Worried about your company failing due to COVID-19? Resilience is top of mind for leaders today, and it will prove to be a key dimension for measuring success over the next decade. Here are 3 powerful strategies to build resilience planning into your business to overcome and survive 2020 and beyond.
Reading time: <11 min
Strategies to Make Your Business Resilient
Worried About The Future? Rest Easy!
This is the first post in multi-part series I’m calling “Rest Easy: A 5-Part Playbook for Recession-Proofing Your Business”.
In this series, I will show you how to safeguard your business and reputation against the effects of the coronavirus pandemic and discuss some of the practices, programs, resources, and strategies that are available to small business owners, soloprenuers, and gig economy workers.
The title of the series isn’t arbitrary though, it’s really an acronym for the topics covered in each of the five posts in this series:
- Resilience (this post)
- Earnings Accrued Strengthen Yields
(Ok, ok, I know the acronym is long, but I like using acronyms to make my systems more memorable. Also, ‘RESTE’ looked stupid (and was a bit too close to ‘teste’ for my liking) so I transformed the E into EASY, and everything else just fell into place. It may help to put on The Harder They Come Soundtrack from the 1972 film by the same name as you’re reading this post if you really want to get into a “Rest Easy” vibe.) 😉
Rest Easy by Focusing on Resilience
Business Continuity and Resilience Planning
In this post, I’m going to discuss what “business resilience” means and why it’s critical to get management in your organization focusing on business resilience planning before an emergency.
I’ll also propose 3 agile strategies for building resilience into your organization now that could help your company survive the next global pandemic.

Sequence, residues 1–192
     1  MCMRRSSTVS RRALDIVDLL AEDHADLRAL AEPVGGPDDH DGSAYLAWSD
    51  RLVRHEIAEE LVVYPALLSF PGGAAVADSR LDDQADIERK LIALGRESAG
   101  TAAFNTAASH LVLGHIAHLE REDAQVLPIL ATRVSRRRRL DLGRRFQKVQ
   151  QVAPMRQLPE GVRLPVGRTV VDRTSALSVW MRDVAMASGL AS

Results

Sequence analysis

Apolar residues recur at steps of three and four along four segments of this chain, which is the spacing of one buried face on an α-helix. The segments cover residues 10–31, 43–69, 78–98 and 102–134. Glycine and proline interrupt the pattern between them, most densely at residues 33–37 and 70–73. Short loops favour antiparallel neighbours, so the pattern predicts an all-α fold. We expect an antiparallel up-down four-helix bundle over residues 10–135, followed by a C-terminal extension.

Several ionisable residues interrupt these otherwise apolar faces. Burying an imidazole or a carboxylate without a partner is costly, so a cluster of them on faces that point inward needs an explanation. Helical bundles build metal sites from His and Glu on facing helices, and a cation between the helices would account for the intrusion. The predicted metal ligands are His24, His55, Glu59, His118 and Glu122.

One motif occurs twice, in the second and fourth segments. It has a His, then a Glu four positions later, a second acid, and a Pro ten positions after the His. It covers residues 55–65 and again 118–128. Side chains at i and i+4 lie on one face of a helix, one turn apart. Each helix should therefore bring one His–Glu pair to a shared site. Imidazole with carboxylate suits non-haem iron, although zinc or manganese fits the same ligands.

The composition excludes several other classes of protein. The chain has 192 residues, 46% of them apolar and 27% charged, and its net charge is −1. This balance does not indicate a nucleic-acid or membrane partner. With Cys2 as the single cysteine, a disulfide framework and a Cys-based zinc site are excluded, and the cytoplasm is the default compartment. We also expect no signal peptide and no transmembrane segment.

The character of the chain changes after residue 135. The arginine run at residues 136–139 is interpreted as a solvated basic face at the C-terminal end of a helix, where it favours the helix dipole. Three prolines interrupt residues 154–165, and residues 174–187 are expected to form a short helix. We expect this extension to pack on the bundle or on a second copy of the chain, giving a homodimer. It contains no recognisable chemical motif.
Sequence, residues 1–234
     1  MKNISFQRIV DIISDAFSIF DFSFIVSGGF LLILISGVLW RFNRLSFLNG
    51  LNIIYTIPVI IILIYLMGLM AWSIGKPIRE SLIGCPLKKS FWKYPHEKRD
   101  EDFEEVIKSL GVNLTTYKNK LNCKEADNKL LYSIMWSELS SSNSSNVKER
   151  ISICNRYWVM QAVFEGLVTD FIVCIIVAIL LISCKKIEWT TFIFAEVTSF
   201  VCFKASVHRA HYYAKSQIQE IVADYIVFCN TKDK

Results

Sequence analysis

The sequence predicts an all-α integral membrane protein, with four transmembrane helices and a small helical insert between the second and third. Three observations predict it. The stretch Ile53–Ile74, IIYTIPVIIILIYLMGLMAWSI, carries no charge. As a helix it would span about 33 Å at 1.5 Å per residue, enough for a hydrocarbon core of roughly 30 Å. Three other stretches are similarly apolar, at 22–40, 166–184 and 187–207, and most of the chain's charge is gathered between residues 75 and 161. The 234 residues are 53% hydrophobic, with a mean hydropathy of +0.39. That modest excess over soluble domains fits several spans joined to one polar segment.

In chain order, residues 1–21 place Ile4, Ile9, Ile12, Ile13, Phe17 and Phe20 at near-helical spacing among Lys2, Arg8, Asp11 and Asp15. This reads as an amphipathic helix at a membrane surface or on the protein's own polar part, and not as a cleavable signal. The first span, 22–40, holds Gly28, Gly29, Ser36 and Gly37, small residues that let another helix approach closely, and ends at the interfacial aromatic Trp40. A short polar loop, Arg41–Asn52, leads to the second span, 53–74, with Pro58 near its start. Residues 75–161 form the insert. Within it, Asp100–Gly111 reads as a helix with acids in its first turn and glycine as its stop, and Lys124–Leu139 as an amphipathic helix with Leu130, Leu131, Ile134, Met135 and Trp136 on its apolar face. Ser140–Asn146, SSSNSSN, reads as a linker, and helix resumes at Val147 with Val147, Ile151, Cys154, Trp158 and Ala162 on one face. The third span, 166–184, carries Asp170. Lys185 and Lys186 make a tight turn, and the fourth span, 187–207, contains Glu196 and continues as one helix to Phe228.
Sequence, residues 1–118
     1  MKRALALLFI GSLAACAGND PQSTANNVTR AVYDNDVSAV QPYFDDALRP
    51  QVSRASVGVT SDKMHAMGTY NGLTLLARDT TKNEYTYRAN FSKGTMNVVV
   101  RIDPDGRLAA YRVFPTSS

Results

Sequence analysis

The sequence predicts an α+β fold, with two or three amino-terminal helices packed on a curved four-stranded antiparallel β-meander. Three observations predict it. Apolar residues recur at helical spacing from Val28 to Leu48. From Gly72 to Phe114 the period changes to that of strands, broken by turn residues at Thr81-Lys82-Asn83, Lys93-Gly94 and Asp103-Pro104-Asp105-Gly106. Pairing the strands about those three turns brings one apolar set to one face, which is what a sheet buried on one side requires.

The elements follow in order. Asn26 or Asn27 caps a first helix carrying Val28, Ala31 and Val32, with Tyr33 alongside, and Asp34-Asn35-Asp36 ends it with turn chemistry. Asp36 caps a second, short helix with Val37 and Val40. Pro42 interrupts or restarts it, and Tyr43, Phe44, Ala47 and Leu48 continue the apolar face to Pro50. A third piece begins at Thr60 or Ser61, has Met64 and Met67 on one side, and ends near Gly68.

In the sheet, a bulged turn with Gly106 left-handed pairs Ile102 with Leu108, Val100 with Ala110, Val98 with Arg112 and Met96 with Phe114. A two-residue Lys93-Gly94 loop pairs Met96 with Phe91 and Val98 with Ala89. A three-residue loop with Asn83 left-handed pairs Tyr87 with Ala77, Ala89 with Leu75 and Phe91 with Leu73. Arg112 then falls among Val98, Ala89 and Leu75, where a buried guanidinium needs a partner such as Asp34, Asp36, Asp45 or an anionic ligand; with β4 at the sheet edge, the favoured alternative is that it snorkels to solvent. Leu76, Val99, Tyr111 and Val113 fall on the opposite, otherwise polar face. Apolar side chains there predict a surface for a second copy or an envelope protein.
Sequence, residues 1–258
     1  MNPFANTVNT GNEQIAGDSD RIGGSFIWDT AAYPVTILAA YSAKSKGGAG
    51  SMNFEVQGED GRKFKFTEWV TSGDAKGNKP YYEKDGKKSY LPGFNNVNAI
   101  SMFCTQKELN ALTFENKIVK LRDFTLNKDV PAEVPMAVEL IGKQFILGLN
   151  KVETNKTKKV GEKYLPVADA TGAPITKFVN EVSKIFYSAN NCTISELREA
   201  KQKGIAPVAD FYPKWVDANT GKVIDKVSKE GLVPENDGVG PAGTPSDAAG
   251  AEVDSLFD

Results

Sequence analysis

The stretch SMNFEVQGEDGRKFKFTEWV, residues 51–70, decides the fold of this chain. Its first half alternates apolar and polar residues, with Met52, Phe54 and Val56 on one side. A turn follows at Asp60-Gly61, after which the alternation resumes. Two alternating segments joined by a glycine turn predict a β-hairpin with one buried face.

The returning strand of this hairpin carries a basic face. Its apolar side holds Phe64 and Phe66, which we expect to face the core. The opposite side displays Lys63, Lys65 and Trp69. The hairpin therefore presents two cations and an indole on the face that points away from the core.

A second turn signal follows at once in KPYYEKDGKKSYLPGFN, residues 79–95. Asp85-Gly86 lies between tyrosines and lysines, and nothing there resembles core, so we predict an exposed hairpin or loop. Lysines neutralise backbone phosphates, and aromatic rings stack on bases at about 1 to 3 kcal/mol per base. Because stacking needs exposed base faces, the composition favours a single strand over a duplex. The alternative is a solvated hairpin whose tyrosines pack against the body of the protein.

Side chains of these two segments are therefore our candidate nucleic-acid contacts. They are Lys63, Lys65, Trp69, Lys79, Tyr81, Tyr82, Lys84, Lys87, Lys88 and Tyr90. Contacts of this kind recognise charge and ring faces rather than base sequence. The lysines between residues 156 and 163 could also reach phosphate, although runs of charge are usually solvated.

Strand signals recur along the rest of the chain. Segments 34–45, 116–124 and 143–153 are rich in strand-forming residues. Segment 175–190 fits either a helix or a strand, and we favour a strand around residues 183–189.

Twenty-twenty will certainly go down as one of the hardest years many of us have faced in our lifetimes. For me, 2019 was right up there. I lost my dad, my dog, and a new business within the latter 6 months of the year.
Geopolitics, economic downturns, and numerous other factors can have significant effects on your operational capabilities and performance.
Consumer spending in the US fell by ~20% during the first two months of COVID-19’s accelerating spread, according to the US Department of Commerce, while the pandemic also disrupted ~75% of supply chains, according to the Institute for Supply Chain Management.
Economic Disruption and Natural Disasters
Even before COVID-19, many businesses were struggling to plan for, respond to, resume speed and keep pace with technological change.
Sarah Bond and Gillian Shapiro of the Harvard Business Review conducted a survey of 835 employees from public, private, and nonprofit firms about what was happening in their lives that required resilience. What did they determine? They didn’t point to tragedies or the economy — they pointed to corporate culture and their co-workers.
Social Dynamics Caused the Biggest Drain
Understanding that, in times like these, the key to moving forward is thinking positive (albeit difficult), and becoming resilient. While I've been working on my own personal resilience, I've also been working hard to ensure that my relationships, my other companies, and my community and environment, are prepared for unexpected challenges and adversity.
As Diane Coutu reports in “How Resilience Works”: